Negotiating Salary? Here’s A Simple Yet Powerful Trick, According To A New Study

The Four Percent


Silence is one of the most simple yet most powerful negotiation tools, but it’s traditionally positioned as an intimidation tactic that prompts a person to speak to their own disadvantage.

New research published in the Journal of Applied Psychology finds that pausing for at least three seconds during a negotiation has benefits beyond making someone uncomfortable.

In a series of studies in which pay negotiations were simulated in conversation, Jared Curhan, an associate professor of work and organization studies at the Massachusetts Institute of Technology, and his colleagues found that this extended but brief silence can facilitate a “shift from default, zero-sum thinking to a more reflective, deliberative mindset, which, in turn, is likely to lead to the recognition of golden opportunities,” their paper concludes.

In other words, when one person pauses to think during the conversation, it can help them to see talks as more than a tug of war and move deliberations forward to a favorable outcome.

Why A Strategic 3-9 Seconds Of Silence Is So Effective

In the first study, participants recruited from a university in the U.S. were randomly assigned to be either a job candidate or recruiter. The candidate and recruiter then had to negotiate issues concerning the candidate’s employment compensation package.

When a silence between three and nine seconds occurred during the negotiation, the researchers found that “a-ha” moments for outside-the-box solutions and breakthroughs were more likely to occur.

“Each party makes a concession on the issue that they care slightly less about, and in exchange, they get something back on the issue that they care something more about, so the net benefit is to both parties for making that trade,” Curhan said of these breakthroughs. “I think the silence is making people go ‘Hmm, is there any other way we can proceed here?’”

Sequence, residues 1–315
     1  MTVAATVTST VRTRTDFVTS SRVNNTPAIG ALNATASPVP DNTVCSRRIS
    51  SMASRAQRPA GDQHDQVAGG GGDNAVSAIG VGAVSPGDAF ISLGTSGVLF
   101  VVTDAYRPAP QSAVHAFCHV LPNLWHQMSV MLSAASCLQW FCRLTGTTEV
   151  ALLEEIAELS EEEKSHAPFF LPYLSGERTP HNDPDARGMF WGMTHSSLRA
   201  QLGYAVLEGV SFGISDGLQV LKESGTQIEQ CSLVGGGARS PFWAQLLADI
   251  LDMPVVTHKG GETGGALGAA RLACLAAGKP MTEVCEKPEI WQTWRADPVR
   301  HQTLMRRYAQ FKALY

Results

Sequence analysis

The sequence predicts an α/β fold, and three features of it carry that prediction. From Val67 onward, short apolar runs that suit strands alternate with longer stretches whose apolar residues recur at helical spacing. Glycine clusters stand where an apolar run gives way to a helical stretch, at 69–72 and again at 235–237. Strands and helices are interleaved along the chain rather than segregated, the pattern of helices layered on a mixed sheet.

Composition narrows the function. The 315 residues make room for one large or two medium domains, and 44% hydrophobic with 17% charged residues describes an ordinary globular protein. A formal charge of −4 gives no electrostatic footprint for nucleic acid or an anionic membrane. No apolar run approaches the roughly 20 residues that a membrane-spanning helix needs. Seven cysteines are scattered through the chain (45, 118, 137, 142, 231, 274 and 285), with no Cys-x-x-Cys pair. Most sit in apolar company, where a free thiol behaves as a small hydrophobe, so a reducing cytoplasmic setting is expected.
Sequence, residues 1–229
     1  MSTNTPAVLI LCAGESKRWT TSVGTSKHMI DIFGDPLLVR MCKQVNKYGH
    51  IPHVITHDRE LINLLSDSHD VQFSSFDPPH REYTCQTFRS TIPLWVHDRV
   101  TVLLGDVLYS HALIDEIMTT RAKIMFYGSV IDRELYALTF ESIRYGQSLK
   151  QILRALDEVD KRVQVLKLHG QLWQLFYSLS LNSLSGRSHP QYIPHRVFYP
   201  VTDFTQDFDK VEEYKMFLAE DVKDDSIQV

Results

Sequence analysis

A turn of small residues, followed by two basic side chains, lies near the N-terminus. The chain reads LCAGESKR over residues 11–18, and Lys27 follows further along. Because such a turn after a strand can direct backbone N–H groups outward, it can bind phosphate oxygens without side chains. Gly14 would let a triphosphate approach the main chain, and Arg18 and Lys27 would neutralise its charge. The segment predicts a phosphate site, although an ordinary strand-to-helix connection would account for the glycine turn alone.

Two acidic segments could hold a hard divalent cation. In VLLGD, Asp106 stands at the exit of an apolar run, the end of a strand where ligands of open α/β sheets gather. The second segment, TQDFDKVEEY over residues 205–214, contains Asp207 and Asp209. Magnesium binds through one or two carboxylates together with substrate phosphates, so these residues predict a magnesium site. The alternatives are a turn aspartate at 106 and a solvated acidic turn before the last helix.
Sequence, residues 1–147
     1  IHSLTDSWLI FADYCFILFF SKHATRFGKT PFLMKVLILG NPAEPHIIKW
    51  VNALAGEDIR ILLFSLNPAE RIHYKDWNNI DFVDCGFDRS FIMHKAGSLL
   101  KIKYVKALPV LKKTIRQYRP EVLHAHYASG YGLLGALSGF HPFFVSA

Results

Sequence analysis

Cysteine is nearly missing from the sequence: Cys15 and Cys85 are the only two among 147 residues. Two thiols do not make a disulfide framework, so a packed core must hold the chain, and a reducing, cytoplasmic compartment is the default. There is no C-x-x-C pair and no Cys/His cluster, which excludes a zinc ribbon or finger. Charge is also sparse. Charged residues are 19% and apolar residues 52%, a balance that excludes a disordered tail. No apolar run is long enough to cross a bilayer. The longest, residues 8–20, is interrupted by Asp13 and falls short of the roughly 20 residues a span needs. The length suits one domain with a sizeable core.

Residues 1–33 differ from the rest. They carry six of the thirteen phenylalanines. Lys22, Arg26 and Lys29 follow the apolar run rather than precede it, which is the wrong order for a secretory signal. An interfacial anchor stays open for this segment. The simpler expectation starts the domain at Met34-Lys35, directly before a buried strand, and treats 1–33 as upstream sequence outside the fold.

Why at least three seconds but no more than nine?

“We suspect, but we can’t prove, that the reason why there’s a particular window has to do with just pausing long enough to be actually helpful, but not pausing so long as to be awkward,” Curhan told HuffPost.

“There is often this romantic view that great negotiators are these very slick people and they always know exactly what to say … [but] oftentimes it’s better to say, ‘I’ll get back to you on that.’”

– Jared Curhan, associate professor of work and organization studies at MIT

Of course, whether silences are perceived as awkward can be culturally specific. In one Dutch study, a silence of four seconds was enough to trigger negative emotions such as rejection, while a study analyzing the conversational silences between U.S. and Japanese bank executives found that the Japanese business leaders created an average of five seconds of silence per minute in conversation, while Americans produced less than a second of silence per minute.

It may be particularly helpful for managers to employ reflective silences during stressful job negotiations. In one of the studies by Curhan and his colleagues, status differences between the candidate and recruiter were accentuated. Each candidate became a freelance consultant just out of school, and each recruiter was assigned to be a chief operating officer. In this context, the freelance consultants felt less comfortable initiating silences for the negotiation, while the COOs were “more reflective and contributed to these joint gains in negotiations,” Curhan said.

The researchers speculate that this is because people in more junior roles worry about violating the norm of giving quick, direct replies to more high-status colleagues. If you’re at an impasse with someone who is especially junior, recognize that they may need the pause to think about ways to move forward, but are less likely to initiate it.

How To Apply Silence In Your Own Salary Negotiations

When someone is put on the spot during a job negotiation, they can feel pressured to respond right away. The takeaway in the study for job candidates, Curhan said, is to take it slow.

“There is often this romantic view that great negotiators are these very slick people and they always know exactly what to say,” Curhan said. “But in fact, if someone uses a difficult tactic on you … oftentimes it’s better to say, ‘I’ll get back to you on that,’ or ‘I’m going to need to think about that,’ because oftentimes you’ll make a much better response with time than in the heat of the moment. I see this research as being a microcosm of that effect.”

If you do find yourself getting overwhelmed during a job negotiation, take a three-to-nine-second breather to gather your thoughts about what benefits you are willing to compromise on and what you can’t concede. It could be just the right trick to get the ball rolling again.


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